December 2010
Volume 10, Issue 15
Free
OSA Fall Vision Meeting Abstract  |   December 2010
The visibility of Venus
Author Affiliations
  • Albert Ahumada
    NASA Ames Research Center
Journal of Vision December 2010, Vol.10, 48. doi:10.1167/10.15.48
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      Albert Ahumada; The visibility of Venus. Journal of Vision 2010;10(15):48. doi: 10.1167/10.15.48.

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      © ARVO (1962-2015); The Authors (2016-present)

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Abstract

Venus is the only planet or star that can be seen by the naked eye during the day. Following the method of Westheimer (1985) for representing a point source as a single pixel on a screen with a resolution of 120 pixels per degree, we can convert the magnitude of Venus and the sky luminance into a luminance contrast signal with a contrast of 1.43. Detection models calibrated to the Modelfest data predict that such a target is below threshold (Watson & Ahumada, 2005). Modifications are proposed to the models to keep Venus visible.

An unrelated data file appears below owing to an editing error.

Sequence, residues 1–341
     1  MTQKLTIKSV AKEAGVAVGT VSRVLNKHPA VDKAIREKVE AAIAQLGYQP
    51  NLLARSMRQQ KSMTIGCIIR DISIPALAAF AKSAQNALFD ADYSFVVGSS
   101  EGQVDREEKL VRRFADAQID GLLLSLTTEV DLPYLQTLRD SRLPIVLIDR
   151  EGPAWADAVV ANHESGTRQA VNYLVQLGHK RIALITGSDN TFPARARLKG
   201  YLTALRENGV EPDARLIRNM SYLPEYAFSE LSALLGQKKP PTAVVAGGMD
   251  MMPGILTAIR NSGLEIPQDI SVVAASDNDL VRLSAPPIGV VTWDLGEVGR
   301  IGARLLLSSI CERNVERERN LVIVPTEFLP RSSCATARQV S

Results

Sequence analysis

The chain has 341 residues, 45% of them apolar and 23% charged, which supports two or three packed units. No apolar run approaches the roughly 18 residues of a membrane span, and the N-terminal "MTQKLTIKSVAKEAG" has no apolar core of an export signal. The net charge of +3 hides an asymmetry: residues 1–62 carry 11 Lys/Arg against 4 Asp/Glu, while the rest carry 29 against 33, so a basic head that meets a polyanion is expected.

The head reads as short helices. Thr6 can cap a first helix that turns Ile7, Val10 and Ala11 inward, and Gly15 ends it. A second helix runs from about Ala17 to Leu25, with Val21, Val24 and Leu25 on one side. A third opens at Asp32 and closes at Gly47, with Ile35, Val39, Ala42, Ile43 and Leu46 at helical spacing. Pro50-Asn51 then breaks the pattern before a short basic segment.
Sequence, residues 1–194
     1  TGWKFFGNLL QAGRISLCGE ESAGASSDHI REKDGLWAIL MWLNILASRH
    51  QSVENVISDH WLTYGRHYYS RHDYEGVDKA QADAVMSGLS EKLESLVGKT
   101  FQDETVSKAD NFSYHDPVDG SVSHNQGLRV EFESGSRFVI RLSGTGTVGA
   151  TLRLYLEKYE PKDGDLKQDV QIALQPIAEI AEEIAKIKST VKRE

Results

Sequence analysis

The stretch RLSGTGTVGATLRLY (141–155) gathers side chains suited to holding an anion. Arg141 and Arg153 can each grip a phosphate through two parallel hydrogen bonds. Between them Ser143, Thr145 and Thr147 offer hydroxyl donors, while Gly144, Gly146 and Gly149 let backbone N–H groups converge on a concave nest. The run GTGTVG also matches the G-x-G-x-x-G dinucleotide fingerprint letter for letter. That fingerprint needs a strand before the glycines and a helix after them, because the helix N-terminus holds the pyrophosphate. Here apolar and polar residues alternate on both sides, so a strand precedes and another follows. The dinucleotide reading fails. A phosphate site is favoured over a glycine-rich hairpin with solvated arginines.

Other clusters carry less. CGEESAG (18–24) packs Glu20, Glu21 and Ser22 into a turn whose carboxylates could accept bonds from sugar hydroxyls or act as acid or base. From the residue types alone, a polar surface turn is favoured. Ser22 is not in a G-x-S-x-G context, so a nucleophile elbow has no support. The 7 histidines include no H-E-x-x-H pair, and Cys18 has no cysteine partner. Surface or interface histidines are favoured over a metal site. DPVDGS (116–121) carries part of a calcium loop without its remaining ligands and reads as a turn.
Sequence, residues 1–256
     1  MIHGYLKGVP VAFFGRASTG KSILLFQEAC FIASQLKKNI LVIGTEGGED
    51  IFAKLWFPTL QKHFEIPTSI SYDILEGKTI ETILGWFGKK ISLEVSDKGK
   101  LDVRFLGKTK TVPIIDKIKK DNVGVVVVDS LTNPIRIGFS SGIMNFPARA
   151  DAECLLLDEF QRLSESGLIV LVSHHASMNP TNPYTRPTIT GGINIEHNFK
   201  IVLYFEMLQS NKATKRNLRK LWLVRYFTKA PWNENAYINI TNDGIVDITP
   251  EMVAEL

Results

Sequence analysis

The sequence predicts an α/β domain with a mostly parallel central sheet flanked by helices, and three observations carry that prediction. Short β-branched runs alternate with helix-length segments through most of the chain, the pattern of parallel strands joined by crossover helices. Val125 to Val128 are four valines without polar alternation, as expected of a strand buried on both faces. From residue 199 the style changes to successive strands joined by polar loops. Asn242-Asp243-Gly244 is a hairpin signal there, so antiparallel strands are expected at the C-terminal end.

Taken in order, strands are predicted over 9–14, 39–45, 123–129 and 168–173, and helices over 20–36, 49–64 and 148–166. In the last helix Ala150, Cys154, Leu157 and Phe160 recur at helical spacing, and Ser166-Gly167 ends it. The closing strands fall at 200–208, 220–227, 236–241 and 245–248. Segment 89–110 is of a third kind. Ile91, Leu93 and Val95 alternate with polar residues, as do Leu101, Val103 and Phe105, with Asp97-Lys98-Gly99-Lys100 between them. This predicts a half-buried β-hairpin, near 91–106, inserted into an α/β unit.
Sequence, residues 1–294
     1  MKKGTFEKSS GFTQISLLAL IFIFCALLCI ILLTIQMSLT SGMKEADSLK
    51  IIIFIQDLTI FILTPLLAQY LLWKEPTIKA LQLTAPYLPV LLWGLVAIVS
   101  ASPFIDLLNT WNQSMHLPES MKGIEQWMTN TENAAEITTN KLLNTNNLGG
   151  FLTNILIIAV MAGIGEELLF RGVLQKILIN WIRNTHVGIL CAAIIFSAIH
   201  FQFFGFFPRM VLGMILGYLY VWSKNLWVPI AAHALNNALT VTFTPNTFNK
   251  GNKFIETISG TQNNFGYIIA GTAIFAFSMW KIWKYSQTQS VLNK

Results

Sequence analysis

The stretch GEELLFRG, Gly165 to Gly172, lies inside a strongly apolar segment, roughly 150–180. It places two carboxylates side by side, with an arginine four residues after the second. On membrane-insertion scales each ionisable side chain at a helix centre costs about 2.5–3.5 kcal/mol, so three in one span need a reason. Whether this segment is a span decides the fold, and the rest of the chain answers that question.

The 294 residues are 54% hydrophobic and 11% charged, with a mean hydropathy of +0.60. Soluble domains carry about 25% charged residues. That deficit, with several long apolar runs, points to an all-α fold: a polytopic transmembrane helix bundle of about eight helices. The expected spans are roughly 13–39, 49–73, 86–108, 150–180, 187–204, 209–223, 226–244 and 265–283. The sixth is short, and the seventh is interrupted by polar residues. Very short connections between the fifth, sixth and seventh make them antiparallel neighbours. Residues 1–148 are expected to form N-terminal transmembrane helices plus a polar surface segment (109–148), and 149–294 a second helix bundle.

http://vision.arc.nasa.gov/personnel/al/papers/10osa/handout.pdf

Acknowledgments
Supported by NASA Space Human Factors Engineering and the U.S. Navy. 
References
Watson, A. B., Ahumada, A. J. Jr.(2005). A standard model for foveal detection of spatial contrast. Journal of Vision, 5(9), 717–740. [CrossRef] [PubMed]
Westheimer, G.(1985). The oscilloscopic view: retinal illuminance and contrast of point and line targets. Vision Research, 25, 1097–1103. [CrossRef] [PubMed]
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